Music News & Reviews

Ace of Spades team plans to open new midtown music venue – and introduce Tacklebox bar

A new venue called Holy Diver is set to take over The Starlite space on 21st Street in Sacramento.
A new venue called Holy Diver is set to take over The Starlite space on 21st Street in Sacramento.

It’s been two months since the Starlite Lounge, a bar and live-music venue on 21st Street in midtown, closed its doors. But it appears the space won’t remain dark for much longer.

The team behind Ace of Spades and Goldfield Trading Post are planning to open another music venue called Holy Diver in the two-story building at 1517 21st St. later this year, said Bret Bair, who manages Ace of Spades along with Eric Rushing.

Bair, Rushing and partner Anthony Paganelli already have secured a lease for Holy Diver and are in the process of securing a liquor license, Bair said. The venue likely will open in October at the earliest, Bair said, and have a capacity under 300 people.

“We do need a small music venue to put the up-and-coming national acts as well as local shows,” Bair said. “We’ll do all genres of music from rock to reggae to hip-hop to indie-alt music.”

Bair and Rushing pulled out of booking duties at the Boardwalk in Orangevale late last year and since have shifted some of those smaller acts to midtown’s Goldfield. The new venue will take on a variety of genres and allow Goldfield to preserve its country theme.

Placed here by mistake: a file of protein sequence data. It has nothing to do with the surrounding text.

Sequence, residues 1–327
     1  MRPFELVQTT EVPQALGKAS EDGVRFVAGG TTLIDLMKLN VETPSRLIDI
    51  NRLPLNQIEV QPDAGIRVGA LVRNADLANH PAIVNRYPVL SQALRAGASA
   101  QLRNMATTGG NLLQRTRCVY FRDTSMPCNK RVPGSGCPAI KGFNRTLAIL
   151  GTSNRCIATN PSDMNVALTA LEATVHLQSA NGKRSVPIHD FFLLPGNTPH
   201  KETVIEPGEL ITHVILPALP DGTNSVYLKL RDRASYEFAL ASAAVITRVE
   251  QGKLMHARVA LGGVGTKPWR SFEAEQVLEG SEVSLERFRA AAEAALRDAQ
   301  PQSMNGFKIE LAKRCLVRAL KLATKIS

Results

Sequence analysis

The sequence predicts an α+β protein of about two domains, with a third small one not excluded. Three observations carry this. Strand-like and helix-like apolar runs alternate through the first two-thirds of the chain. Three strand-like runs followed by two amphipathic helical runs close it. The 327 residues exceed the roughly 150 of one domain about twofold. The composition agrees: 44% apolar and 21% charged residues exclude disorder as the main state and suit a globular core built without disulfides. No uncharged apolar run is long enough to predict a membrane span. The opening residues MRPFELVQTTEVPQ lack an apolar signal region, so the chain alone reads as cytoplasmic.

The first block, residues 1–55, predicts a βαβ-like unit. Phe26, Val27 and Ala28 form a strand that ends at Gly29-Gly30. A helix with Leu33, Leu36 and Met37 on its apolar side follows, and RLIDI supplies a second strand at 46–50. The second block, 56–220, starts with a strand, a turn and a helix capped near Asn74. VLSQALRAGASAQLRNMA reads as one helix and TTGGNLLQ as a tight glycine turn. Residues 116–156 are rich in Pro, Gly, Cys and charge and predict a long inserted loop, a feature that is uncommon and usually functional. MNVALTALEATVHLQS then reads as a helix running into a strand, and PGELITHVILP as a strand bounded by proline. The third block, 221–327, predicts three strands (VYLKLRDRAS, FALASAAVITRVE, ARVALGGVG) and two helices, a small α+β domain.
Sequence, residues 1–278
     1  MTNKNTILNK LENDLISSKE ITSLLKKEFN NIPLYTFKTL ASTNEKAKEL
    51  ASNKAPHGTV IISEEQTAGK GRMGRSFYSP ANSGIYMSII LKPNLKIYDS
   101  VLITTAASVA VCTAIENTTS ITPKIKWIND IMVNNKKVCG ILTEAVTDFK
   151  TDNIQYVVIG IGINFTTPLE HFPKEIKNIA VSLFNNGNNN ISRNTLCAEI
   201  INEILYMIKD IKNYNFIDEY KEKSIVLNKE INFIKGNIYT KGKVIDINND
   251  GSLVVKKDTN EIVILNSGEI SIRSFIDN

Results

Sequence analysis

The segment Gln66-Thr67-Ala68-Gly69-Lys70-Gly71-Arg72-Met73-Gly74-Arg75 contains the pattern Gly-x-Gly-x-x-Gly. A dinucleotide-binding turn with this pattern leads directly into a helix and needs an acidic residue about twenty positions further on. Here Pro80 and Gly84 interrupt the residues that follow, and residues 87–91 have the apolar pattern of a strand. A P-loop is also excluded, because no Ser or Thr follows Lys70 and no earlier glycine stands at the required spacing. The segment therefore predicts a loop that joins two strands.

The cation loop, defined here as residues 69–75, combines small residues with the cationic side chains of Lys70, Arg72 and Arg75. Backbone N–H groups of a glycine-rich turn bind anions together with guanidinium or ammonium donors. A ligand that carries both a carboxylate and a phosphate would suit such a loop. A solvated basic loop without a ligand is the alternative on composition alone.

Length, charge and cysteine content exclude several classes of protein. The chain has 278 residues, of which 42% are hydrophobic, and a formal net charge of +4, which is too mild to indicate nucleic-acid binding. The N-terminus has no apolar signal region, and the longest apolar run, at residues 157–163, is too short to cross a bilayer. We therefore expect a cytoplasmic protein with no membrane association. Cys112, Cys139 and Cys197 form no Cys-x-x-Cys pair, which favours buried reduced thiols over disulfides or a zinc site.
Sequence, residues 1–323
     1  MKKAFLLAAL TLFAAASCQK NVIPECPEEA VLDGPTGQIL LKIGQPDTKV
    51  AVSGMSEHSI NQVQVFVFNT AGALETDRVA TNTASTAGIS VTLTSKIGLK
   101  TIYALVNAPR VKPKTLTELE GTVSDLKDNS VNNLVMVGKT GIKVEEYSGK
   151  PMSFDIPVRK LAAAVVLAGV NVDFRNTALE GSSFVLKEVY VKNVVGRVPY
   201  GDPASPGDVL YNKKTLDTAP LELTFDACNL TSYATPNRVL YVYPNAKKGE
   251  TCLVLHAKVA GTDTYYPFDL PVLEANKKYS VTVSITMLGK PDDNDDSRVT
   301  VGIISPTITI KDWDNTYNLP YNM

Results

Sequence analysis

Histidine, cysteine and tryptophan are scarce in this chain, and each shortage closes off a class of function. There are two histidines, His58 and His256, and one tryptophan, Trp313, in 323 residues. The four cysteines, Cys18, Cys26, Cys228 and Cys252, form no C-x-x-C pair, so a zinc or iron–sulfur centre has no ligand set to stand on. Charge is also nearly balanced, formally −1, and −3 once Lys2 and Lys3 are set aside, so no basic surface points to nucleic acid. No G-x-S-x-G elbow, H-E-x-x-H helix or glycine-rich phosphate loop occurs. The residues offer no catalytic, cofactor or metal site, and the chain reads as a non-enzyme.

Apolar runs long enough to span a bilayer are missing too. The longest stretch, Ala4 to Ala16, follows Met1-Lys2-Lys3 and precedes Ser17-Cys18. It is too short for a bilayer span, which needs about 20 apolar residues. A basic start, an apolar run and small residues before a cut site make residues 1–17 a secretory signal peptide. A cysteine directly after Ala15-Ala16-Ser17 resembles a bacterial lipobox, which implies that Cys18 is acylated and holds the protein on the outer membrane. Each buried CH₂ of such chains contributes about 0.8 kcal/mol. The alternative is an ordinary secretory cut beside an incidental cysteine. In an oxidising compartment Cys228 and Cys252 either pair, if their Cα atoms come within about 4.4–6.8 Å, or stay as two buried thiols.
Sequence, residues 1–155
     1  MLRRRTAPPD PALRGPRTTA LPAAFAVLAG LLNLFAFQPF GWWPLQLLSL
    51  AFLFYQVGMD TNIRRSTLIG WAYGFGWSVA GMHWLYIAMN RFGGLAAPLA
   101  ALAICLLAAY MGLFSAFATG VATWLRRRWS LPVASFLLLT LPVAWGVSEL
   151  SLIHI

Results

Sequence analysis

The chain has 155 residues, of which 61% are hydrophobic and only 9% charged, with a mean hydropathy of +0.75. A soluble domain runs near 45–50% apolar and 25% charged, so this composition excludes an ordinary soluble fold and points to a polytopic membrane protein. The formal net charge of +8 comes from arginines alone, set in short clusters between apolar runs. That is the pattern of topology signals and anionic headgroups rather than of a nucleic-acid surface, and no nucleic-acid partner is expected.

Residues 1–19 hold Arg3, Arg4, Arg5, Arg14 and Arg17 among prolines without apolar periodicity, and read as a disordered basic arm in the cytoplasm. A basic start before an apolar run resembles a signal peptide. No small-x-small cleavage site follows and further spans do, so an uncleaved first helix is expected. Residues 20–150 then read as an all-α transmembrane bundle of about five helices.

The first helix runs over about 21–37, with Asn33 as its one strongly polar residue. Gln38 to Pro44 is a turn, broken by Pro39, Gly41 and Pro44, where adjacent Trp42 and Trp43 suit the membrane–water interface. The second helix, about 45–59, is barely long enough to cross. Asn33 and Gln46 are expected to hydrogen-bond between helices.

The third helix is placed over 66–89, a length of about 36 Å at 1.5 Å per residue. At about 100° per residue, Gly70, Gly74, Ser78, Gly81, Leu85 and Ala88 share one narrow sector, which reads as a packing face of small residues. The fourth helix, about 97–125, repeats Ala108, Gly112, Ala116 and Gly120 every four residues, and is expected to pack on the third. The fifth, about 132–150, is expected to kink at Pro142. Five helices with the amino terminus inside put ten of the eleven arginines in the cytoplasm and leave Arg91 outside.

“A lot of small music venues (around Sacramento) have been closing, and it’s because in all honesty they’re very difficult to operate – there’s just a lot of costs,” Bair said. “While we always want quality shows, we also need quantity, and the only way you get quantity is by doing all kinds of shows.”

Starlite, which was known for heavy metal shows but attracted a variety of national and international acts, closed its doors in June. Shortly after, the Naked Lounge coffee shop downtown announced it was hosting its last live music show.

Starlite opened in 2013 and occupied the building that previously hosted the Townhouse Lounge. Bair said he and Rushing actually tried to acquire the venue when it was still the Townhouse, drawn by the location and the space. He added Holy Diver might try to revive the downstairs electronic dance music sessions that occurred at the Townhouse.

“It’s a great space for seeing small bands,” Bair said.

Earlier this year, Bair and Rushing announced they would be opening a venue called Holy Dive Bar, which would take over The Cinders tavern on Auburn Boulevard. But he and Rushing ran into difficulties getting permits for the place, Bair said. In the meantime, the Starlite building became available.

Bair said he and Rushing bought The Cinders and do plan to hold some live music events there – limited to 10 days a year – starting next year, when the name will change to Tacklebox.

Holy Diver, which takes its name from a Dio album, will be primarily a music venue but also operate as a bar and serve food, Bair said. A menu concept is in the works.

The new owners are “not going to do a major remodel” of the interior, Bair said, but opening day could be pushed back to November depending on how quickly the space comes together.